Then there is the staggering number of distractions and diversions available to fill any gaps. It’s so easy and natural to reach for your phone in a quiet moment. This could be driven by pure habit, or it could be a fear of being bored, known as “thaasophobia” (not to be confused with “thalassophobia”, fear of large bodies of water!).
Another deeper fear may also be at play. If you let your thoughts go where they want, they might go somewhere you’d prefer they didn’t. We are predisposed to dwell on negative events and possibilities. When you start to fixate on a particular negative thought or ruminate, it can seriously impact your well-being. Given how easily mind-wandering can result in rumination, it’s very natural to treat it cautiously.
How To Do Nothing – The Right Way
So, how can you let your mind wander in a way that yields benefits? The key is learning how to “do nothing” in a way that’s safe, stimulating, and positive.
To do this, it’s important to keep in mind the distinction between rumination (which tends to lead to “spiraling” or a cycle of negative thoughts) and the free movement of thoughts where you skip from one subject to another.
Just because your thoughts are wandering, doesn’t mean you can’t signpost them in a useful direction. Daydreaming about things that interest you can potentially improve your mood, keeping the habit a positive one. Thinking about the future rather than the past can help build a more positive experience. It’s possible that the more fanciful and wild your thoughts, the more inspired you’ll feel afterward.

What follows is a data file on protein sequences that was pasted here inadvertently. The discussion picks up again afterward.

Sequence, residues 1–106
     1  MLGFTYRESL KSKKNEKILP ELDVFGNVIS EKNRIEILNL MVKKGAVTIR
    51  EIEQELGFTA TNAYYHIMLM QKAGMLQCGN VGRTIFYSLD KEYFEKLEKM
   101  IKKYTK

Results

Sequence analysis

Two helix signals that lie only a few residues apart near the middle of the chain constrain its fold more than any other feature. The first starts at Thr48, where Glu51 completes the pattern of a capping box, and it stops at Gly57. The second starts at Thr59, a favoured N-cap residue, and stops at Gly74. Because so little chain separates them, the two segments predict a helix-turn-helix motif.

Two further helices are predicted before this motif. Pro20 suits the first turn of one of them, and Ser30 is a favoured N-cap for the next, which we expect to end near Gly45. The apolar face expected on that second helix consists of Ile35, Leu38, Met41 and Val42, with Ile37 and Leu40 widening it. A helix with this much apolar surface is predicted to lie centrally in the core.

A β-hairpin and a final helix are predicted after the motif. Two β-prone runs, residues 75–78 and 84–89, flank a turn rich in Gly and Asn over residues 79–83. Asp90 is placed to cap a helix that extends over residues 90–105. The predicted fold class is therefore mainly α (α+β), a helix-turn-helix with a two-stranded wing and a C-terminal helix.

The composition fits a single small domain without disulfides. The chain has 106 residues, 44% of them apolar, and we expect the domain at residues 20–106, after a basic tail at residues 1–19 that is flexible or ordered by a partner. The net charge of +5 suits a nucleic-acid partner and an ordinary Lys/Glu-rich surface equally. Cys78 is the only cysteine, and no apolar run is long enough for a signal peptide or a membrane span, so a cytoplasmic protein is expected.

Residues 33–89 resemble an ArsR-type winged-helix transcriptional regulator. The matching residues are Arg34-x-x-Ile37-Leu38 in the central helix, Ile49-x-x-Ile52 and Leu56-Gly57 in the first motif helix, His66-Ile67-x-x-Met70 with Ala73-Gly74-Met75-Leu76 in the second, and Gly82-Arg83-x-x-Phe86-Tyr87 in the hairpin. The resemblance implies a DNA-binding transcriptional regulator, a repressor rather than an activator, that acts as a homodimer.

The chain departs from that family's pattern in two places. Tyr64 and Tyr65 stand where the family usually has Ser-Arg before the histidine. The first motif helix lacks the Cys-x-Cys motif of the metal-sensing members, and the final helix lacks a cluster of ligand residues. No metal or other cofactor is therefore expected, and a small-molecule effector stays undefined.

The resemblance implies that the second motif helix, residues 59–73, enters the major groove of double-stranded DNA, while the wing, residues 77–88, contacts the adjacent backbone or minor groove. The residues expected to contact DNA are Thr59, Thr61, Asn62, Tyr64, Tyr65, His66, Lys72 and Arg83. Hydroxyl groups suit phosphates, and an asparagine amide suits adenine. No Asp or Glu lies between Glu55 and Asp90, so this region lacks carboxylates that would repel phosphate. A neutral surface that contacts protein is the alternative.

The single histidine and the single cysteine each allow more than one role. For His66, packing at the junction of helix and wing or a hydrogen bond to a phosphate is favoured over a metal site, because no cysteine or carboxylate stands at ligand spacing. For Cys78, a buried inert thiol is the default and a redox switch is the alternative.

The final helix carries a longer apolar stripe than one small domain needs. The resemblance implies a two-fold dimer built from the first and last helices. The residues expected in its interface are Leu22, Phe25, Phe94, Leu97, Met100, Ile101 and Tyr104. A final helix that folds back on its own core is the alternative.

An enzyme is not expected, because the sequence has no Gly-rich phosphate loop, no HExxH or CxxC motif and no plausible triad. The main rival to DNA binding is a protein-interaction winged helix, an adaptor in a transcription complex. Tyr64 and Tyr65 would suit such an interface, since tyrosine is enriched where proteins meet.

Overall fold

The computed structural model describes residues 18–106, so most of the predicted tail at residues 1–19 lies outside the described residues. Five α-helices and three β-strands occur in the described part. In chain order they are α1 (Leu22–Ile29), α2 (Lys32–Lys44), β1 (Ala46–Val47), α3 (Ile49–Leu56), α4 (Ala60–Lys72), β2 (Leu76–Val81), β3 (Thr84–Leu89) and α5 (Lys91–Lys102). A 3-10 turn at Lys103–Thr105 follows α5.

If you’re assuming you’ll be bored or are scared of thinking about negative things, those trepidations will probably influence your thoughts. If you’re worried about dwelling on negative thoughts, try to relax. You may well like doing nothing a lot more than you think you will. Some people evidently find unstructured thinking significantly more enjoyable than they predicted.
Turning your phone off or leaving it in another room will help to reduce distractions – another important factor in productive nothingness. Academics at the University of Bath believe that we head online to address what’s known as superficial boredom. By trying to ensure we never spend a moment under-stimulated, we keep ourselves from reaching a profound state of inactivity that might prompt us to think more deeply.
Manual tasks without a set goal, like a spontaneous walk or household chores, also seem to prime your brain for this type of thinking. So, wandering feet could be the key to unlocking your wandering mind.
Take Time to Think
Setting your tasks aside and engaging in a period of mind-wandering could help you solve problems, replenish your mental resources, come up with new ideas, and tap into useful insight. To avoid rumination, nudging your thoughts in a positive or forward-thinking direction is crucial.
Intentionally leaving room for thought during quiet moments, rather than trying to fill every second with a stimulating activity, will leave you better able to focus when you need to.